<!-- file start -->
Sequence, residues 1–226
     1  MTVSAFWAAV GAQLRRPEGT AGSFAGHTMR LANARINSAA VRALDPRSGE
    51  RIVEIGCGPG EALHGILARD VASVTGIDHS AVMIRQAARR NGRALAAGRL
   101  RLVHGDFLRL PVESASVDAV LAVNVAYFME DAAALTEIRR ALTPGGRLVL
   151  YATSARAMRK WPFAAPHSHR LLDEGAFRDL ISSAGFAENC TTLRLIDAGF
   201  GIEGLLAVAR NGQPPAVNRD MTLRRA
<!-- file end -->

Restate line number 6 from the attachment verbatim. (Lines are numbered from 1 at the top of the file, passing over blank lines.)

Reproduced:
   201  GIEGLLAVAR NGQPPAVNRD MTLRRA